Agency Information Collection Activities; Proposed eCollection eComments Requested; Revision of a Previously Approved Collection, 3159-3160 [2016-00942]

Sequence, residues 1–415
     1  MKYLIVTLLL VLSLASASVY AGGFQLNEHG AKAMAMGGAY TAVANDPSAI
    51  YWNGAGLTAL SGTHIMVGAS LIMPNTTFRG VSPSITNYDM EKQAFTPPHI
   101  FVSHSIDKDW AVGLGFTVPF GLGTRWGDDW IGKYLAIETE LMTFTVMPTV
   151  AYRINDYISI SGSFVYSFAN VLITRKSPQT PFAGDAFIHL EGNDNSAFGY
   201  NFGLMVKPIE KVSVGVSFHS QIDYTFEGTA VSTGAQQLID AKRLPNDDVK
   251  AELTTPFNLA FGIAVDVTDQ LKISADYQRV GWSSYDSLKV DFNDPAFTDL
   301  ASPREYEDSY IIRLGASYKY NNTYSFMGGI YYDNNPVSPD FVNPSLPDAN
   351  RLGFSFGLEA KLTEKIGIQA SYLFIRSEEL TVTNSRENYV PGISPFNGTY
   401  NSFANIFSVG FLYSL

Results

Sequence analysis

Download as PDF Federal Register / Vol. 81, No. 12 / Wednesday, January 20, 2016 / Notices tkelley on DSK4VPTVN1PROD with NOTICES On October 27, 2015, the Government filed a Motion for Summary Disposition Based on Respondent’s Lack of State Authorization to Handle Controlled Substances and Submission of Evidence in Support of Such Motion (‘‘Motion for Summary Disposition’’). Therein, the Government argued that the Respondent currently lacks state authority in Massachusetts and Connecticut to handle controlled substances. Mot. for Summ. Disp. at 3. First, the Government argued that the Respondent voluntarily agreed with the Massachusetts Board of Registration in Medicine (‘‘Massachusetts Board’’) to refrain from practicing medicine. Mot. for Summ. Disp. at 2. Attached to the Government’s Motion is a copy of the Voluntary Agreement Not to Practice Medicine, entered into by the Respondent and the Massachusetts Board. Mot. for Summ. Disp. Ex. C, at 3–4. Second, the Government argued that the Respondent’s Connecticut controlled substance registration was suspended because the Respondent made false statements in his renewal application. Mot. for Summ. Disp. at 2. Attached to the Government’s Motion is the Connecticut Department of Consumer Protection’s (‘‘CDCP’’) Order of Immediate Suspension of Controlled Substance Registration No. 22241. Mot. for Summ. Disp. Ex. D, at 1–2. On November 4, 2015, the Respondent’s counsel filed an Affirmation in Opposition (‘‘Respondent’s Reply’’). In his Reply, the Respondent’s counsel asserted that, although the Respondent’s Connecticut controlled substance registration currently is suspended, the CDCP conducted a hearing on September 17, 2015, regarding the suspension. Resp’t Reply at 1–2. The Respondent’s counsel asserted that the CDCP’s final decision may change his registration status. Resp’t Reply at 1–2, 7–8. The Respondent’s counsel also asserted that, although the Respondent signed an agreement not to practice in Massachusetts, that agreement was predicated on the suspension of the Respondent’s Rhode Island license, and that his Rhode Island license may be restored.3 Resp’t Reply at 4–5, 7. 3 The Respondent asserts that he entered a voluntary agreement suspending his Massachusetts license because his Rhode Island license was suspended. Resp’t Reply at 4–6. The Respondent also asserts that he requested a hearing on the suspension of his Rhode Island license, but has not challenged his Massachusetts license’s suspension. Req. for Hr’g at 1; Resp’t Reply at 7. This case, however, do not address any DEA registration to dispense controlled substances in Rhode Island. Thus, the status of the Respondent’s Rhode Island license is not considered here. See Brian Earl Cressman, M.D., 78 FR 12091, 12092 n.2 (2013) VerDate Sep<11>2014 18:12 Jan 19, 2016 Jkt 238001 In revocation cases, the Government has the burden of proving that the requirements for revocation are satisfied. 21 CFR 1301.44(e) (2015). The Government also bears the initial burden of production. If the Government makes a prima facie case for revocation, the burden of production shifts to the registrant to show that revocation is inappropriate. Morall v. DEA, 412 F.3d 165, 174 (D.C. Cir. 2005). To maintain a DEA registration, a practitioner must be currently authorized to handle controlled substances in the jurisdiction where he practices. See 21 U.S.C. 802(21), 823(f) (2012). A registrant must possess state authority to dispense controlled substances in order to obtain and maintain DEA registration. E.g., Serenity ´ Cafe, 77 FR 35027, 35028 (2012). Accordingly, the Controlled Substances Act ‘‘requires the revocation of a registration issued to a practitioner whose State license has been suspended or revoked.’’ Scott Sandarg, D.M.D., 74 FR 17528, 17529 (2009). The Respondent argues that his COR should not be revoked because the CDCP may restore his Connecticut registration. However, ‘‘it does not matter whether the suspension . . . [is] pending the outcome of a state proceeding. Rather, what matters—as DEA has repeatedly held—is whether Respondent is without authority under [state] law to dispense a controlled substance.’’ Bourne Pharmacy, Inc., 72 FR 18273, 18274 (2007); see also Grider Drug #1 & Grider Drug #2, 77 FR 44069, 44104 n.97 (2012). The Respondent requested a stay of these proceedings until the CDCP reaches a final decision regarding his Connecticut registration. Req. for Hr’g at 2; Resp’t Reply at 8. This Agency routinely denies ‘‘requests to stay the issuance of a final order of revocation . . . [because] a practitioner must be currently authorized to handle controlled substances . . . to maintain [his] DEA registration.’’ Gregory F. Saric, M.D., 76 FR 16821 (2011) (emphasis added) (internal quotations and citations omitted). Because evaluating ‘‘whether Respondent’s state license will be re-instated is entirely speculative,’’ id., ‘‘[i]t is not DEA’s policy to stay proceedings . . . while registrants litigate in other forums.’’ Newcare Home Health Servs., 72 FR 42126, 42127 n.2 (2007) (citing Bourne Pharmacy, 72 FR at 18273; Oakland Med. Pharmacy, 71 FR 50100 (2006); (noting that ‘‘a registrant’s controlled substance privileges in a state outside the state of his DEA registration [are] irrelevant’’) (citing Shahid Musud Siddiqui, M.D., 61 FR 14818 (1996)). PO 00000 Frm 00066 Fmt 4703 Sfmt 4703 3159 Kennard Kobrin, M.D., 70 FR 33199 (2005)). Therefore, the Respondent’s request to stay the proceedings pending the CDCP’s final decision is denied. The disposition of the Government’s Motion depends on whether the Respondent possesses state authority to handle controlled substances. The administrative record establishes that he does not. The CDCP’s Order of Immediate Suspension of Controlled Substance Registration No. 22241 establishes that his Connecticut controlled substances registration currently is suspended. Accordingly, the Respondent lacks authorization to handle controlled substances in Connecticut, where DEA COR Number FA3033002 is registered. Additionally, the Massachusetts Voluntary Agreement Not to Practice Medicine establishes that the Respondent currently lacks authorization to handle controlled substances in Massachusetts, where DEA COR Number BA4089721 is registered. Where there is no genuine question of fact, or there is agreement upon the material facts, a plenary, adversarial hearing is not required. See, e.g., Jesus R. Juarez, M.D., 62 FR 14945 (1997). Thus, summary disposition is warranted here because ‘‘there is no factual dispute of substance.’’ See Veg-Mix, Inc., 832 F.2d 601, 607 (D.C. Cir. 1987). As of the date of this Recommended Decision, the Respondent currently lacks state authority to handle controlled substances in both Connecticut and Massachusetts; therefore, he cannot maintain his DEA registrations. The Government’s Motion for Summary Disposition is granted, and it is recommended that the Respondent’s DEA registrations be revoked and any pending applications for renewal be denied. Dated: November 6, 2015 Charles Wm. Dorman, Administrative Law Judge. [FR Doc. 2016–00895 Filed 1–19–16; 8:45 am] BILLING CODE 4410–09–P DEPARTMENT OF JUSTICE [OMB Number 1110–0011] Agency Information Collection Activities; Proposed eCollection eComments Requested; Revision of a Previously Approved Collection Federal Bureau of Investigation, Department of Justice Violent Criminal Apprehension Program (ViCAP). ACTION: 60-day notice. AGENCY: E:\FR\FM\20JAN1.SGM 20JAN1 3160 Federal Register / Vol. 81, No. 12 / Wednesday, January 20, 2016 / Notices The Department of Justice, Federal Bureau of Investigation, Critical Incident Response Group will submit the following information collection request to the Office of Management and Budget (OMB) for review and clearance in accordance with established review procedures of the Paperwork Reduction Act of 1995. DATES: Comments are encouraged and will be accepted for 60 days until March 21, 2016. FOR FURTHER INFORMATION CONTACT: All comments, suggestions, or questions regarding additional information, to include obtaining a copy of the proposed information collection instrument with instructions, should be directed to Lesa Marcolini, Program Manager, Federal Bureau of Investigation, Critical Incident Response Group, ViCAP, FBI Academy, Quantico, Virginia 22135; facsimile (703) 632– 4239. SUPPLEMENTARY INFORMATION: Written comments and suggestions from the public and affected agencies concerning the proposed collection of information are encouraged. Your comments should address one or more of the following four points: —Evaluate whether the proposed collection of information is necessary for the proper performance of the functions of the Bureau of Justice Statistics, including whether the information will have practical utility; —Evaluate the accuracy of the agency’s estimate of the burden of the proposed collection of information, including the validity of the methodology and assumptions used; —Evaluate whether and if so how the quality, utility, and clarity of the information to be collected can be enhanced; and —Minimize the burden of the collection of information on those who are to respond, including through the use of appropriate automated, electronic, mechanical, or other technological collection techniques or other forms of information technology, e.g., permitting electronic submission of responses. tkelley on DSK4VPTVN1PROD with NOTICES SUMMARY: Overview of This Information Collection 1. Type of Information Collection: Revision of a currently approved collection. 2. The Title of the Form/Collection: ViCAP Case Submission Form. 3. The agency form number, if any, and the applicable component of the Department sponsoring the collection: The form number is FD–676. The applicable component within the VerDate Sep<11>2014 18:12 Jan 19, 2016 Jkt 238001 Department of Justice is the Federal Bureau of Investigation. 4. Affected public who will be asked or required to respond, as well as a brief abstract: Primary: Federal, state, local, and tribal government law enforcement agencies charged with the responsibility of investigating violent crimes. Abstract: Established by the Department of Justice in 1985, ViCAP serves as the national repository for violent crimes; specifically; Homicides (and attempts) that are known or suspected to be part of a series and/or are apparently random, motiveless, or sexually oriented. Sexual assaults that are known or suspected to be part of a series and/or are committed by a stranger. Missing persons where the circumstances indicate a strong possibility of foul play and the victim is still missing. Unidentified human remains where the manner of death is known or suspected to be homicide. Comprehensive case information submitted to ViCAP is maintained in the ViCAP Web National Crime Database and is automatically compared to all other cases in the databases to identify potentially related cases. 5. An estimate of the total number of respondents and the amount of time estimated for an average respondent to respond: Of the approximately 18,000 government law enforcement agencies that are eligible to submit cases, it is estimated that thirty to fifty percent will actually submit cases to ViCAP. The time burden of the respondents is less than 60 minutes per form. 6. An estimate of the total public burden (in hours) associated with the collection: 5,000 annual burden hours. If additional information is required contact: Jerri Murray, Department Clearance Officer, United States Department of Justice, Justice Management Division, Policy and Planning Staff, Two Constitution Square, 145 N Street NE., 3E.405B, Washington, DC 20530. Dated: January 14, 2016. Jerri Murray, Department Clearance Officer for PRA, U.S. Department of Justice. [FR Doc. 2016–00942 Filed 1–19–16; 8:45 am] BILLING CODE 4410–02–P PO 00000 Frm 00067 Fmt 4703 Sfmt 4703 DEPARTMENT OF LABOR Mine Safety and Health Administration Petitions for Modification of Application of Existing Mandatory Safety Standards Mine Safety and Health Administration, Labor. ACTION: Notice. AGENCY: Section 101(c) of the Federal Mine Safety and Health Act of 1977 and Title 30 of the Code of Federal Regulations Part 44 govern the application, processing, and disposition of petitions for modification. This notice is a summary of petitions for modification submitted to the Mine Safety and Health Administration (MSHA) by the parties listed below. DATES: All comments on the petitions must be received by the MSHA’s Office of Standards, Regulations, and Variances on or before February 19, 2016. ADDRESSES: You may submit your comments, identified by ‘‘docket number’’ on the subject line, by any of the following methods: 1. Electronic Mail: zzMSHAcomments@dol.gov. Include the docket number of the petition in the subject line of the message. 2. Facsimile: 202–693–9441. 3. Regular Mail or Hand Delivery: MSHA, Office of Standards, Regulations, and Variances, 201 12th Street South, Suite 4E401, Arlington, Virginia 22202–5452, Attention: Sheila McConnell, Acting Director, Office of Standards, Regulations, and Variances. Persons delivering documents are required to check in at the receptionist’s desk in Suite 4E401. Individuals may inspect copies of the petitions and comments during normal business hours at the address listed above. MSHA will consider only comments postmarked by the U.S. Postal Service or proof of delivery from another delivery service such as UPS or Federal Express on or before the deadline for comments. FOR FURTHER INFORMATION CONTACT: Barbara Barron, Office of Standards, Regulations, and Variances at 202–693– 9447 (Voice), barron.barbara@dol.gov (Email), or 202–693–9441 (Facsimile). [These are not toll-free numbers.] SUPPLEMENTARY INFORMATION: SUMMARY: I. Background Section 101(c) of the Federal Mine Safety and Health Act of 1977 (Mine Act) allows the mine operator or representative of miners to file a petition to modify the application of any mandatory safety standard to a coal or E:\FR\FM\20JAN1.SGM 20JAN1